Mountains are a girl’s best friend.



It’s snowing again today. Why yes, it is almost May. That’s Colorado for you. (No one got a snow day, in case you were wondering.)

It’s cold and wet, and the beautiful mountain range that we normally get to see is covered in clouds. This includes Pike’s Peak, which, if you’ve never been to Colorado Springs, is the biggest one. And when I was a kid, it was also the friendliest.

You see, when I was a kid, I was a little strange. This rubbed off on my three younger siblings occasionally. And by “rubbed off on,” of course I mean that I forced them to join me in my madness.

I’m talking about imaginary friends. Yes, I know, lots of children have them. The issue here was that I was friends with a mountain. That’s right—my imaginary friend was Pike’s Peak. Of course, in my head, she was a girl (obviously), and her name was Mountain Majesty. That’s a mouthful, though, so I just called her M&M for short. My second-grade self thought that was incredibly clever.

I would sit on the playground at school while the other kids played foursquare or tetherball or dug things up with sticks, and I would stare lovingly at my friend. She was a good friend. She let me do most of the talking. I would tell her about what I had for lunch, and apparently she thought that was pretty interesting, because there she was, day after day, waiting for me to come and see her.

This friends-with-a-mountain phase went on for quite a while. We got to be very close.

Then one day, she did something odd. I remember it clearly. She introduced me to the other mountains that sat around her. A whole mountain range of friends for me! I thought. But she said I couldn’t be friends with them all. She would feel sad and neglected, and we couldn’t have that. Looking back, she was a little controlling. That’s never a good trait in a mountain. She said that her other mountain friends were lonely and jealous of her. They wanted human friends, too.

And I said that that was easy to fix. I knew three humans that were in desperate need of mountain friends. Not to worry, M&M.


My siblings didn’t know what hit them. Keep in mind—I’m the oldest, and at that point, they were young enough that they still thought I knew stuff that they didn’t. I think they’ve wised up since then.

This is how it went down:

Me: Katie, I have a new friend for you.

Katie: Who is it?

Me: It’s a mountain.

Katie: Oh.

Me: Her name is Cheyenne. She’s that one, see? On the left, all the way at the end. Her real name is Cheyenne Mountain, but you can just call her Cheyenne.

Katie: It’s a mountain? How can it be your friend?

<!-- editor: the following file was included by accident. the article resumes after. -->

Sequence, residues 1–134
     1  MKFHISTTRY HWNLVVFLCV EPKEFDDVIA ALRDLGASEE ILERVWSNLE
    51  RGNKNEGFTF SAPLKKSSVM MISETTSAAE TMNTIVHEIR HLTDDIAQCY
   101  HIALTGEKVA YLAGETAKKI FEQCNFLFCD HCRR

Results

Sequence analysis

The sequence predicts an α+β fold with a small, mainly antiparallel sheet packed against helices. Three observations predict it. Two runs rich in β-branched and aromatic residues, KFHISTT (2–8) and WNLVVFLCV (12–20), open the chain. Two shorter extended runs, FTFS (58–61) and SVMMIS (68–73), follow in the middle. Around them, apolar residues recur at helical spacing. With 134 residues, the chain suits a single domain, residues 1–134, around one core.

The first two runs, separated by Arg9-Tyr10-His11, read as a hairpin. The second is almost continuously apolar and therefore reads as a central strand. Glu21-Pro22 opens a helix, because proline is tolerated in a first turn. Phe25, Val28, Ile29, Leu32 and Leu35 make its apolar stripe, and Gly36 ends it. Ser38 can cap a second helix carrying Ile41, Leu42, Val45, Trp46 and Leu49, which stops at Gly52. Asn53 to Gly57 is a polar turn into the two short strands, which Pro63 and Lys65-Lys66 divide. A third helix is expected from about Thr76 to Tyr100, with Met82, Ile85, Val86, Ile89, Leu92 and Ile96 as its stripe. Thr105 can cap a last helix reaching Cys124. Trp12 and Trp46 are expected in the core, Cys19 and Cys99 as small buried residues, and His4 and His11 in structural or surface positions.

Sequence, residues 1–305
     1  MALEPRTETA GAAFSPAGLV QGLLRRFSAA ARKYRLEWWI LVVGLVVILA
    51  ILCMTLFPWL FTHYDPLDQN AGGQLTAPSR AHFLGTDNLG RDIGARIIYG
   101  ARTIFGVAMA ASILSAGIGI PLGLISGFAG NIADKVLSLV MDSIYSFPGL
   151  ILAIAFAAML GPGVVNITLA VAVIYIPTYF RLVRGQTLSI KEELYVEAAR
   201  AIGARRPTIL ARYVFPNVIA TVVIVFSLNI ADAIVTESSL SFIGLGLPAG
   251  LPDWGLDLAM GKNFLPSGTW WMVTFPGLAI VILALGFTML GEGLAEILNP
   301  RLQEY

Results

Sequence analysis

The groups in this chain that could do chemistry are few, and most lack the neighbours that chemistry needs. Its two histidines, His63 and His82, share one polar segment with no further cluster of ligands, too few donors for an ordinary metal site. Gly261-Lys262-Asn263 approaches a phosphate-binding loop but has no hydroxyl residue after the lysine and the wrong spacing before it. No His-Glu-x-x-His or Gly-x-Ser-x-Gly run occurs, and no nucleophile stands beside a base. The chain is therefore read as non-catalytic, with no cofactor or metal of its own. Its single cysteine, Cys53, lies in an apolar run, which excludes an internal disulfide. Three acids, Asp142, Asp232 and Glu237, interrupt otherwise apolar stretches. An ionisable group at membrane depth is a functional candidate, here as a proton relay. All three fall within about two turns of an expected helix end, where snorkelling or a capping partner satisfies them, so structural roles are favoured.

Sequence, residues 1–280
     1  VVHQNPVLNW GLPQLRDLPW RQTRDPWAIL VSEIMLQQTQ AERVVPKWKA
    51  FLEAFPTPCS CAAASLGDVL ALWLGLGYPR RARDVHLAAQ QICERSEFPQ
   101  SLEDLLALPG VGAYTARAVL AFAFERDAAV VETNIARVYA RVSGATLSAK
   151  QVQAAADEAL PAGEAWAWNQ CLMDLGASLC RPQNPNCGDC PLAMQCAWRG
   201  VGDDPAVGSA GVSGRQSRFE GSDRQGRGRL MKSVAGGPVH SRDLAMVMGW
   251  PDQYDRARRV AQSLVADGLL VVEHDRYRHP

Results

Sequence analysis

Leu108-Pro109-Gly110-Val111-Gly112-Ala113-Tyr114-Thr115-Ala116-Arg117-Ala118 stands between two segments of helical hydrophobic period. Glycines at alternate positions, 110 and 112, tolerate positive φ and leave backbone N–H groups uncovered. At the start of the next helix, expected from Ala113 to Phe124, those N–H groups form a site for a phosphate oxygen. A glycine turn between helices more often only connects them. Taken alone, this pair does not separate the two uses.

Me: Oh, it’s easy. You can be friends with anything if you talk to it long enough. I’m friends with that mountain in the middle.

Katie: That’s the biggest one! Why do you get the best mountain?

Timmy: Can I have a mountain, too?

Me: Yeah, you can have any mountain you want! Except for mine. I was friends with her first, and she only wants to be friends with me.

Suzy: Can I play with you guys?

Me: We’re being friends with mountains.

Suzy: Yay!

Timmy: I want that one on the right.

Katie: I don’t think I want to be friends with a mountain.

Me: You have to. I already told them that you guys would be their friends. They’ll be sad if you don’t.

Katie: Oh. Okay…

Timmy: I’m going to name my mountain “Mushroom.”

Me: It doesn’t look like a mushroom.

Timmy: Mushroom is my friend. Hi, Mushroom!

Me: Okay, whatever. Suzy, which one do you—

Suzy: Yay!

Me: Yay what?

Suzy: You guys are letting me play!

Me: Yeah, okay.

After that, we had regular meetings during which we talked about how our mountain friends were doing. I guess I eventually grew out of it, and my siblings breathed a sigh of relief that I was no longer asking them incessantly about whether they were being good friends to their mountains or not.

Every once in a while, though, I still wonder if M&M misses me, and I wonder how many weird little kids she’s been a good friend to over the years. Probably a lot. And they probably all leave her in the end.

Poor M&M. It’s hard to be a mountain.

Did you have an imaginary friend when you were little? Do you think they’re lonely now that you’re all grown up? I bet they are.


7 thoughts on “Mountains are a girl’s best friend.

  1. In second grade, my imaginary friend was Star Friend. He was a star, obviously, and the brightest one. I talked to him a lot. And also Amigo, a human boy and imaginary, plus the hundred or so kids who followed me around like I was the Pied Piper of children. I didn’t talk to them so much, only Star Friend and Amigo who helped me keep them in line.

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